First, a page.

Ok, but Egyptians and Libyans and Islamists aren't like nice white guys who were corrupted by blacks. All this violence and terrorism we're seeing now is a home grown result of clannishness and radical political Islam imported from places like the Saudi Arabia, Iran, and Israel/Palestine.

"It's laughable when people generalize most Muslims as violent."

That's not what most people say. The observation is that large Muslim populations have a high tendency for violence. That doesn't mean that most Muslims will participate in the violent acts but rather that a significant minority do and the rest of the Muslims either rationalize it or support it. For example, only a tiny minority of Palestinians participate in terrorist activities. The majority are peaceful but they either excuse the violence or support it by valorizing the terrorists or by financing them.

"By contrast, Albanians/Bosniaks adopted Islam at a relatively late and don't have a huge problem with Islamist extremism (and whatever "Islamist extremism" that does exist amongst them was probably imported by the Saudis)"

Muslim Albanians and Christian Albanians seem to get along fine because nationalism in Albania is very strong. However, Muslim Albanians do cause problems for other non-Albanian Christians (not just the Serbs). The Saudis did contribute to the radicalization of the Muslims in the Balkans but they weren't the cause of it. Albanians and Bosniaks were perfectly capable of radicalizing themselves and the outcome of the various Balkan wars wouldn't have been any different even if there had been no Arabs present in the Balkans during that time. The same rule applies to other "new" Muslims like the Indonesians who have committed horrible crimes against the religious minorities in their country without the influence of Arabs, Persians, or Turks.

@ tiny

"That doesn't mean that most Muslims will participate in the violent acts but rather that a significant minority do and the rest of the Muslims either rationalize it or support it. For example, only a tiny minority of Palestinians participate in terrorist activities. The majority are peaceful but they either excuse the violence or support it by valorizing the terrorists or by financing them".

"The same rule applies to other "new" Muslims like the Indonesians who have committed horrible crimes against the religious minorities in their country without the influence of Arabs, Persians, or Turks".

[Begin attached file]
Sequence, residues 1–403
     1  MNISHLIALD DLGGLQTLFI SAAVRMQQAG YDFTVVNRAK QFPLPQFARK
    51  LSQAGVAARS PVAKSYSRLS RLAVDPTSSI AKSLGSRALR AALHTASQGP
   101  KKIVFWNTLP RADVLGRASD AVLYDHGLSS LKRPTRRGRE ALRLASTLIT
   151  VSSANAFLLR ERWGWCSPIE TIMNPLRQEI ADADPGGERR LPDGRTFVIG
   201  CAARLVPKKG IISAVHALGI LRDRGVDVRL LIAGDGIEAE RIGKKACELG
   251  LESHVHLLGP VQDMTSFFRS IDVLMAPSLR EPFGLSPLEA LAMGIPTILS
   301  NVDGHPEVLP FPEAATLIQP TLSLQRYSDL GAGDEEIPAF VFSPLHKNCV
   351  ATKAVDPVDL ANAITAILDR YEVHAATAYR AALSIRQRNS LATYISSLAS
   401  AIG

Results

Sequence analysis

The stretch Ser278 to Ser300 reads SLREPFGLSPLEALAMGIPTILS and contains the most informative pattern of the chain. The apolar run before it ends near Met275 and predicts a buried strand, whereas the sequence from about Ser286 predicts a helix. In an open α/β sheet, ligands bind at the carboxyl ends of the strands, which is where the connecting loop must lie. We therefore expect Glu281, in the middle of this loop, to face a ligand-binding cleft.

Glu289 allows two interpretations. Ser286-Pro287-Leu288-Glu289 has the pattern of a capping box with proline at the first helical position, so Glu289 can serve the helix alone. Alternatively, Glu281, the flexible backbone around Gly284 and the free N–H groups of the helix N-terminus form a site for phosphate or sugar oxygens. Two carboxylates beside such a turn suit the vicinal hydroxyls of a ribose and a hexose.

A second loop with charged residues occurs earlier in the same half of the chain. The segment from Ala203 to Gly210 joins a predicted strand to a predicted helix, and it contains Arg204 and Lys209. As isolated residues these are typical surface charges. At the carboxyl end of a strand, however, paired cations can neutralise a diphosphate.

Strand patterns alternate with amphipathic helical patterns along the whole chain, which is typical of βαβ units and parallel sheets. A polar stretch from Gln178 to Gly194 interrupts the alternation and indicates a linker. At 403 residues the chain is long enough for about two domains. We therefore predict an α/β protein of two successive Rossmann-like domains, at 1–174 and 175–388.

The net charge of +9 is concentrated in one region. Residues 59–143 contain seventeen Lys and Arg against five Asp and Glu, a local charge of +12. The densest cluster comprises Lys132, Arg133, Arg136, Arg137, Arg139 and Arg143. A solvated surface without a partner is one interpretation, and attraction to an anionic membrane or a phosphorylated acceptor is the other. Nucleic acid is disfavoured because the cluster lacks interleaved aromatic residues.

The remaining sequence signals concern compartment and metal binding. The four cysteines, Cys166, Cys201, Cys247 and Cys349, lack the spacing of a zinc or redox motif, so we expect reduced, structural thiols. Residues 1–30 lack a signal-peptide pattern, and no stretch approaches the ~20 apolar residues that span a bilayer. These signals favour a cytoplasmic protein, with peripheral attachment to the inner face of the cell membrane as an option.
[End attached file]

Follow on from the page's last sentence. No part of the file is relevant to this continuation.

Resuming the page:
And where does this problem stem from? I say it's rooted from poor socioeconomic environments. Societies where there is a lack of capital and education are the main culprits. Disenfranchised individuals are likely to resort to violence, and indoctrinating them with a religion gives them more reason to engaged in it. The violence against the Chinese Indonesians by the natives had nothing to do with Islam, but of envy of their economic successes.

The comments from "Just Speculating" and "Muffy" on are learned and to the point.

Blaming al-Ghazali for the anti-intellectualism and stagnation in Islamic countries is like blaming the medieval Franciscan philosophers for the anti-intellectualism and stagnation in Christian countries after about 1250, which obviously didn't happen. In fact scholars usually praise the Medieval Fransciscans for pointing out that empirical science and theological speculation are two completely (complementary or opposed) methods of thought, which the (Dominican) scholastics such as Aquinas tended to gloss over. But in Islam you had an identical reaction against Averroes and Avicenna, who Aquinas and the other scholastics liked and respected. So one reaction led to modern empirical science and the other led to the dark ages. Its either one or the other. I think you need some other factor for the stagnation in Muslim thought after about 1250.

@Just Speculating